Attending the Formula 1 Belgian Grand Prix 2018

This year, I got to attend my favourite race track for the F1: Spa! A few people have asked (or I just wanted to bleat on) about it, so I thought I'd write up my thoughts in one place.


My wife bought us a pair of tickets for our anniversary (1st one, paper) to go to Spa. When we later found out she was pregnant we started making alternative plans for me to take a mate, but he couldn't make it in the end, so we moved to plan C where I'd drive us to France on the Thursday, rest overnight, and then continue the drive to Spa on Friday morning.


We arrived on Friday and parked on the La Source side of the track, walked down into the valley and along Eau Rouge, up Raidillon and found a seat on the top of the grassy bank on the Kemmel straight in time to see FP3 and some of the support race practice/qualifying stuff going on. Shit is loud up there with the cars going flat out! Also, it was a hell of a long walk and took us ages (see aforementioned pregnancy), so we decided that wasn't a good plan for the race – which is one of the reasons we wanted to scope it out on a day that "didn't matter".

After the long trek back to the car (for which I partly went alone and doubled-back to pick up the wife so she wouldn't have to walk as far), we headed off the the Airbnb we were staying at a mere 5.7mi/9.1km around the corner(!). As soon as we had met the hosts and brought in our bags, it was time for sleep. Trekking up and down the hills in and around the track is exhausting!


Speaking to some of the other guests over breakfast, we decided to try parking on the opposite end of the track near Bruxelles/Rivage. Parking here was way closer to the track and practically flat, so the walk was much more manageable. The queues were utterly insane though. Once we finally got to the entrance it was clear why: there were three people scanning in tickets, and another three doing pat-downs. That's it. Worse, one pair were female and only scanning and patting the female attendees, leaving the other two pairs of people to get the (vast majority) male audience in – utterly ridiculous. Approximately 300 years later, we settled ourselves in right on the Bruxelles/Rivage corner itself. There's a large TV screen visible from there, you can see a few bits of the track, and it's next to the toilets and a few food/drink stands. Lovely! After we'd seen some cars, I knew we'd be back here come race day.

The mix of fans leaned heavily in favour of Verstappen and then Vettel which isn't surprising given the proximity to their home countries' borders, but there were some brave Brits cheering on Hamilton, too. The atmosphere and noise when any well-liked driver did well during qualifying was fantastic. Hamilton clinching pole in the wet was amazing!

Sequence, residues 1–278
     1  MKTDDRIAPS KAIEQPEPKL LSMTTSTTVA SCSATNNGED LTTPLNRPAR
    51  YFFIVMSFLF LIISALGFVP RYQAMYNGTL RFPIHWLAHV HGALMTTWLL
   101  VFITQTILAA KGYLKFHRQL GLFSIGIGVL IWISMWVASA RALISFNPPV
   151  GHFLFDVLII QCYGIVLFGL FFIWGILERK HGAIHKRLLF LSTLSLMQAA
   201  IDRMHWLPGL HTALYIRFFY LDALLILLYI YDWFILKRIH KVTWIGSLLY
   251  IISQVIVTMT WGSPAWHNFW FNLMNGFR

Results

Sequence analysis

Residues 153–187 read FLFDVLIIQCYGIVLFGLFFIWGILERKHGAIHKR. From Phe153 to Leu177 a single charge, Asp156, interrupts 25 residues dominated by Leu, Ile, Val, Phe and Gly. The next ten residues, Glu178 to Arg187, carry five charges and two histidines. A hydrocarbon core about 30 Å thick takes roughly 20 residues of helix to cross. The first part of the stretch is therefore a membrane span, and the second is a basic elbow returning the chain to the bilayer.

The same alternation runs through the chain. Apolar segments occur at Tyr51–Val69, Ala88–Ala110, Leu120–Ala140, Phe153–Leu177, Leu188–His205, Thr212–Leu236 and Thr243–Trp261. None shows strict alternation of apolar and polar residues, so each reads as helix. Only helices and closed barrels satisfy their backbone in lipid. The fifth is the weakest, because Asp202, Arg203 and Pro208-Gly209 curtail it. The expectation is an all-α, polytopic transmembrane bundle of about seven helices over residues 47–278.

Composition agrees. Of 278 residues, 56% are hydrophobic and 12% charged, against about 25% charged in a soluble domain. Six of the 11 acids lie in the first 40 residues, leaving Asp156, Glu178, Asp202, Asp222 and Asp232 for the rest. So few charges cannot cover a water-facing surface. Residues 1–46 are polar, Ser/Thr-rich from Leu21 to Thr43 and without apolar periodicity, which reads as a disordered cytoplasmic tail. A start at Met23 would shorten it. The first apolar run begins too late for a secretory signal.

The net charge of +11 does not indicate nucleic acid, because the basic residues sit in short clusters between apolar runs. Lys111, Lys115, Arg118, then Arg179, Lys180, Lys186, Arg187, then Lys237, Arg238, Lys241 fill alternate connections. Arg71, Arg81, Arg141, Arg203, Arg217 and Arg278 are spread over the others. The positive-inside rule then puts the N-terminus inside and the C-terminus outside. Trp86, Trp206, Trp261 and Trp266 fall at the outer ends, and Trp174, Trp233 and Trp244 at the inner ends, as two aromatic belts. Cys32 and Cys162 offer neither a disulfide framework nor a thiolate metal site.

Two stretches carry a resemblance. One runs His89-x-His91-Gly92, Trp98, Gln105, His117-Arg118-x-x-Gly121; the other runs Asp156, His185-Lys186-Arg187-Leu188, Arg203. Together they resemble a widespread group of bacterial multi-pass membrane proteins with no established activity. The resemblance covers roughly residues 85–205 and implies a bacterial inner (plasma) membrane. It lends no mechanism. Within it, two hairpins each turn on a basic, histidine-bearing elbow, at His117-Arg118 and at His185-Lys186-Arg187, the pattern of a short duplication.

Come race day, we were up at 05:30 (I think, memory is a little hazy due to lack of sleep), aiming to set off around 06:00 to secure a good spot to sit in. The queues to enter were again gigantic, with the same pathetic offering of 6 people to scan and pat literally thousands of attendees. Still, we were happy to see only 3-4 rows of people already there once we finally got to our favoured spot and settled in. We'd brought along our large fold-up chairs, blanket, etc so there was ample time for second breakfast and a nap. I enjoyed the support races, the drivers' parade in classic cars, and the general experience of being right there, though I would have liked to be able to hear the commentary – we'd read online that the official F1 radios should work at any track, so I'd brought one from Silverstone along. No dice. The commentary being played around the track seemed to switch often between French, Flemish, and English which was a really nice touch. Sadly my terrible hearing meant I couldn't actually catch any of it, but c'est la vie!

The opening lap (indeed, the first corner) contained a hell of a lot of excitement, but I won't go into the actual race too much here since I'm mainly concentrating on the experience of going rather than what actually took place in the race. If you really want to know, you should have been watching!

Conclusion and Complaints

Spa-Francorchamps is an absolutely stunning location with the beautiful green valley, and I'm glad we got to see it from various sides.

That said, the toilets were repeatedly out of order throughout the weekend, with no signs or information anywhere about what to do. They were just locked, and you could ask a member of staff about it if you could find one. Not hugely far away at Les Combes there is a permanent building containing a couple more toilets, but those also ended up being locked meaning my wife (my pregnant wife, remember) had to walk all the way to the ones over on the Kemmel straight in the hope that those ones were working. The men of course just all took to pissing up the wall behind the toilets.

The food stands operate on a ticket-based system where you have to buy tickets up-front with cash or card for €3.50 per ticket, then exchange those for food and/or drink. I guess it cuts down on the time taken to complete a transaction once you're at the food truck itself, but if it does at all then it isn't by a noticeable amount. Besides, the drinks stand still accepts cash so it really seems like a waste of time. Plus, the card machine was incredibly unreliable, accepting some cards and not others, taking minutes to complete a transation, and sometimes straight-up not working at all. On Sunday, they actually closed the card payment window entirely – I didn't see it open once all day. Luckily for us we'd got cash out on our way, else we'd have been totally screwed for even basic needs such as water.

I would love to know who's in charge of the operations side of things though, and give them a serious talking-to over the horrendous management of services and severe lack of staff.

Attending the Formula 1 Belgian Grand Prix 2018
Mat Gadd